CELLPHONES – Smartphones Drag Down Lenovo

Bottom line: Lenovo’s latest results show its smartphone business continues to gain market share at the expense of profits, and it would be better advised to focus on building a strong brand to increase customer loyalty.

Lenovo smartphones post health sales gains

The latest results for leading PC maker Lenovo (HKEx: 992) don’t look too rosy, even as the company’s smartphone business continued to outperform the global market. There are quite a few pieces to this puzzle, which means the longer-term outlook for Lenovo’s smartphone business is still unclear as the overheated market undergoes a much-needed shakeout. The outcome of this story will be crucial to Lenovo’s future, since the global market for its core PC business is stagnating and even starting to contract as consumers gravitate to a newer generation of more mobile, specialized devices.

At the end of the day, the companies that survive the current smartphone shakeout will be those that can build up a brand with strong customer loyalty. The obvious leader in that regard is Apple (Nasdaq: AAPL), whose customers are true fanatics and will often pay hundreds of dollars more for an iPhone over a nearly identical model from one of the company’s rivals.

Chinese up-and-comer Xiaomi has shown an early ability for commanding similar customer loyalty, which is perhaps why the young company could currently be valued at up to $50 billion, based on recent reports. That’s around triple the current market value of Lenovo, which is a much older company and whose sales are much larger. But unlike Xiaomi whose phones are seen as cool and trendy, Lenovo’s smartphones are known for their cheapness — not exactly the kind of image a company needs for longer term success.

All that said, let’s zoom in on the results in Lenovo’s newly released quarterly report, starting with a top line revenue figure that grew by an anemic 7.2 percent to $10.5 billion. (company announcement) That was the company’s worst quarterly revenue growth in a year and a half, and the lackluster figure sparked a sell-off that saw Lenovo shares tumble more than 5 percent. The company’s profit actually grew by a faster 19 percent to $262 million, meaning Lenovo was doing a good job of controlling costs.

But investors were fixated on the smartphone story, which was a very mixed bag. At the broadest level, Lenovo’s smartphone sales grew by 38 percent based on units shipped, far outpacing the global growth rate of about 25 percent for the 3 months through September. But the picture wasn’t as rosy for Lenovo in China, its largest market, which passed the US to become the world’s largest smartphone market last year.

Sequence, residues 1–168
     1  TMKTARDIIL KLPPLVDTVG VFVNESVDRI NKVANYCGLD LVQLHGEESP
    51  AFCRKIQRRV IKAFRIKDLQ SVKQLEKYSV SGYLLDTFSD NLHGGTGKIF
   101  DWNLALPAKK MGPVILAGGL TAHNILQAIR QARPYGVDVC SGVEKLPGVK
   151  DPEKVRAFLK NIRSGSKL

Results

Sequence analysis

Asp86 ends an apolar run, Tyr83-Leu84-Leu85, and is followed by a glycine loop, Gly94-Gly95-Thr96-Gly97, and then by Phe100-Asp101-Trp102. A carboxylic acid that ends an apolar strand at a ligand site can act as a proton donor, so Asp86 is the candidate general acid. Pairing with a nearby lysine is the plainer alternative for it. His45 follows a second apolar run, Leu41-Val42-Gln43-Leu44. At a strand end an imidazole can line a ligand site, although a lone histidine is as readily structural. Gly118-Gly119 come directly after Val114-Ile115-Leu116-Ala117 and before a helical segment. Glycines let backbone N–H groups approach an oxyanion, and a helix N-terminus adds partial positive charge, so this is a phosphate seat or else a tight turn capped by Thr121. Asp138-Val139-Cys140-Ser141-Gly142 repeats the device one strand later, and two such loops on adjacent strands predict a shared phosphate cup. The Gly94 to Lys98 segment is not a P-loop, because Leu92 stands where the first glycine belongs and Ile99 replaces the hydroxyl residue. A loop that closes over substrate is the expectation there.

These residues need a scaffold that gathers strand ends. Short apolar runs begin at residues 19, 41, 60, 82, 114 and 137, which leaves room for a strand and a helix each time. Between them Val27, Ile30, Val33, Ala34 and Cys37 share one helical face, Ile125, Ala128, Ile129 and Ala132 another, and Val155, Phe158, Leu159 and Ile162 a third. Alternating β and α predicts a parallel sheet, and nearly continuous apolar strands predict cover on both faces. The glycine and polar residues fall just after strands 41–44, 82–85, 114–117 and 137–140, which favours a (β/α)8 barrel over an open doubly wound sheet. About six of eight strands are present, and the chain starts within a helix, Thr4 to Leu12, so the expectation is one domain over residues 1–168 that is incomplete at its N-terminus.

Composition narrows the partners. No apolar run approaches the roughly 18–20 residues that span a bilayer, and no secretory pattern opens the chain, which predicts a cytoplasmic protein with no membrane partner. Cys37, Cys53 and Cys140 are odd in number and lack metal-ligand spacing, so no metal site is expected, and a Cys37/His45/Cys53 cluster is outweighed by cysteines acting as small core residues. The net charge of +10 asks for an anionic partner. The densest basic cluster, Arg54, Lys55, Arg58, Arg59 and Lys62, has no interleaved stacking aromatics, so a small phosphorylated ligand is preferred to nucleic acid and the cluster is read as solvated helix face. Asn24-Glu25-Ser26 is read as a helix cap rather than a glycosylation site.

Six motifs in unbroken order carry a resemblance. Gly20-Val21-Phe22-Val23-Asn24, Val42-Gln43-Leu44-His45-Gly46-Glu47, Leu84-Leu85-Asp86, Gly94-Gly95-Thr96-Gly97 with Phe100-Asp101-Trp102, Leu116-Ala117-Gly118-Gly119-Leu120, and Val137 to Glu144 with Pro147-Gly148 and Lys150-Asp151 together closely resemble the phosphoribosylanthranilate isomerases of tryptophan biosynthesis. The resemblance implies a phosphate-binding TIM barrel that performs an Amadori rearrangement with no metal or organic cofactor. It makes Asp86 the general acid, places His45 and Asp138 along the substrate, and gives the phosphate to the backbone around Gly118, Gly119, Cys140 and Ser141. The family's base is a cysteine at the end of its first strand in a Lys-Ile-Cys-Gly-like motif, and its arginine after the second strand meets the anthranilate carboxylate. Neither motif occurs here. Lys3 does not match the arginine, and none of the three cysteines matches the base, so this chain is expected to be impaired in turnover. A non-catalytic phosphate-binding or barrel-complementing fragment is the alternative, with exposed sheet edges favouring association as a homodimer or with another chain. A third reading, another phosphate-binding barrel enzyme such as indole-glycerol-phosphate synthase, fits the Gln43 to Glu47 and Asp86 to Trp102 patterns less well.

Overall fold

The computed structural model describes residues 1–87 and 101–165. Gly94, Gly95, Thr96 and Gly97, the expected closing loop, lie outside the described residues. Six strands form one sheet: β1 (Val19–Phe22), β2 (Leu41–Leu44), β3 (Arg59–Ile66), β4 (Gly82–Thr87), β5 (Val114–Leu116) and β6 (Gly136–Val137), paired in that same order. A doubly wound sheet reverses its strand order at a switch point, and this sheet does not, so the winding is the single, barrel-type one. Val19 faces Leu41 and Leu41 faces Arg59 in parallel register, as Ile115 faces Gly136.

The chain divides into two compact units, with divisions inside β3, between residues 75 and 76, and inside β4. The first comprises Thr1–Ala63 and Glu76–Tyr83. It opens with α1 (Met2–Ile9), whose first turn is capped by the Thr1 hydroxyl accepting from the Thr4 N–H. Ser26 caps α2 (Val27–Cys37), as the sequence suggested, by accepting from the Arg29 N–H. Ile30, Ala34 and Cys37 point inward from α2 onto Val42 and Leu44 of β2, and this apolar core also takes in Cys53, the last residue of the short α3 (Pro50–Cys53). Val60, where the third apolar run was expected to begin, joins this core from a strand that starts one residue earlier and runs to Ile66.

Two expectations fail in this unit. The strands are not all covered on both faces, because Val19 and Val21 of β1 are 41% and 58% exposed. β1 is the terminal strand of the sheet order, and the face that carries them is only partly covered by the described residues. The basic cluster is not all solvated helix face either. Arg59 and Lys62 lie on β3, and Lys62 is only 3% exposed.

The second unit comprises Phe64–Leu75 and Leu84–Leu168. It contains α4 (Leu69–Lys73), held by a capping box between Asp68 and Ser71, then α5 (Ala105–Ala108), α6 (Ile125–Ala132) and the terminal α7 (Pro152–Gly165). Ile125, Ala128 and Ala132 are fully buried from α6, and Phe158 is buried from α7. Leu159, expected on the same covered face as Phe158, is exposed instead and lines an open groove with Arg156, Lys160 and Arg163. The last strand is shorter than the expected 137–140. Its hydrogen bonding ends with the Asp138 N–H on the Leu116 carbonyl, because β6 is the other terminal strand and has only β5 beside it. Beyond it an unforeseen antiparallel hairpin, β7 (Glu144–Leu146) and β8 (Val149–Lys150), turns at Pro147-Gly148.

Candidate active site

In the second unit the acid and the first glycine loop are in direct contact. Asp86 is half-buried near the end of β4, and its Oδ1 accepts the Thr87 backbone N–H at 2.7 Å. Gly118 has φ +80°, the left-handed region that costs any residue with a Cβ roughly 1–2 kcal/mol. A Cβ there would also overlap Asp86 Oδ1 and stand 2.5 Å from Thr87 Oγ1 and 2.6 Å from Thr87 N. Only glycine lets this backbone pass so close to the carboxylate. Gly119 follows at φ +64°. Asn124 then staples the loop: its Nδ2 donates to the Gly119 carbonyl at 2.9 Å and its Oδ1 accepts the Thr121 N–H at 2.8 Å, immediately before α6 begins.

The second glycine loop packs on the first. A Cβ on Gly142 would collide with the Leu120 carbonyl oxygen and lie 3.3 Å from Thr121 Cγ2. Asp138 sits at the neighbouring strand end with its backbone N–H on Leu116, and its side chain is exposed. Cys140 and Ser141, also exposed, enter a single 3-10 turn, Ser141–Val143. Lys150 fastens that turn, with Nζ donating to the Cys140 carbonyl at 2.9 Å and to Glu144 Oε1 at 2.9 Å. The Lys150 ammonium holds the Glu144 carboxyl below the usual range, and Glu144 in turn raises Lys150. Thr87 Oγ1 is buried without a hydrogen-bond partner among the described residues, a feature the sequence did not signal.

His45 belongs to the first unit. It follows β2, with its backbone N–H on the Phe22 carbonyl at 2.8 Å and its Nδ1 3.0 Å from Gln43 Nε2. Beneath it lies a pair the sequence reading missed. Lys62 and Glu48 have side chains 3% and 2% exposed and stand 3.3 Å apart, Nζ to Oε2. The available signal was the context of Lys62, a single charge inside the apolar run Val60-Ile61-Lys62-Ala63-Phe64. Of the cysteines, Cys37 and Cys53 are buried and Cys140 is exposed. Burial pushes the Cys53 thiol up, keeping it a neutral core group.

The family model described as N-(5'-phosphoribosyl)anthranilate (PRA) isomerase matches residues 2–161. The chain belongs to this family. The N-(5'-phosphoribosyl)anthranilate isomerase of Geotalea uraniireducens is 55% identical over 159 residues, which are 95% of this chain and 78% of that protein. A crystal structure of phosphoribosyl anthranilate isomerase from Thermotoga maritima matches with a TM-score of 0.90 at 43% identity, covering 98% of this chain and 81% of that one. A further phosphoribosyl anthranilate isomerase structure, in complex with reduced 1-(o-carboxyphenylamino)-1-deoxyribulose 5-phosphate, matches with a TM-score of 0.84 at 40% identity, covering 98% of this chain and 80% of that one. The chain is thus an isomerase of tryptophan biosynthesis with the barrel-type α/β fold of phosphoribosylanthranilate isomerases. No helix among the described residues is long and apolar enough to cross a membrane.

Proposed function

Lenovo didn’t break out specific China smartphone sales in its results, but it said that overall revenue in its home market contracted 2 percent during the quarter to $3.8 billion. Since Lenovo’s PC business in China remained relatively stable for the quarter and smartphone sales were probably up strongly by unit shipments, it’s probably fair to say that the revenue drop was largely due to falling smartphone prices.

At the same time, Lenovo’s China smartphone business is rapidly falling behind Xiaomi, which passed former leader Samsung (Seoul: 005930) to become the market leader in during the third quarter, according to one report. Lenovo did manage to come in third in China for the quarter. But even there, it seems to play a game of musical chairs for that third position with a number of domestic brands like Huawei that command similarly low levels of customer loyalty.

So, what’s the longer term outlook for Lenovo in light of these latest results? My advice to the company would be to stop fixating on market share, and instead concentrate on developing a brand and higher quality image for its smartphones. Lenovo may indeed take such a tack, following its recent purchase of older cellphone brand Motorola. That kind of strategy is Apple has done, and as a result its business is relatively stable unlike everyone else. Such a strategy may cause Lenovo’s smartphone sales in China to slow or even stall over the shorter term, but the longer term results should be more positive.

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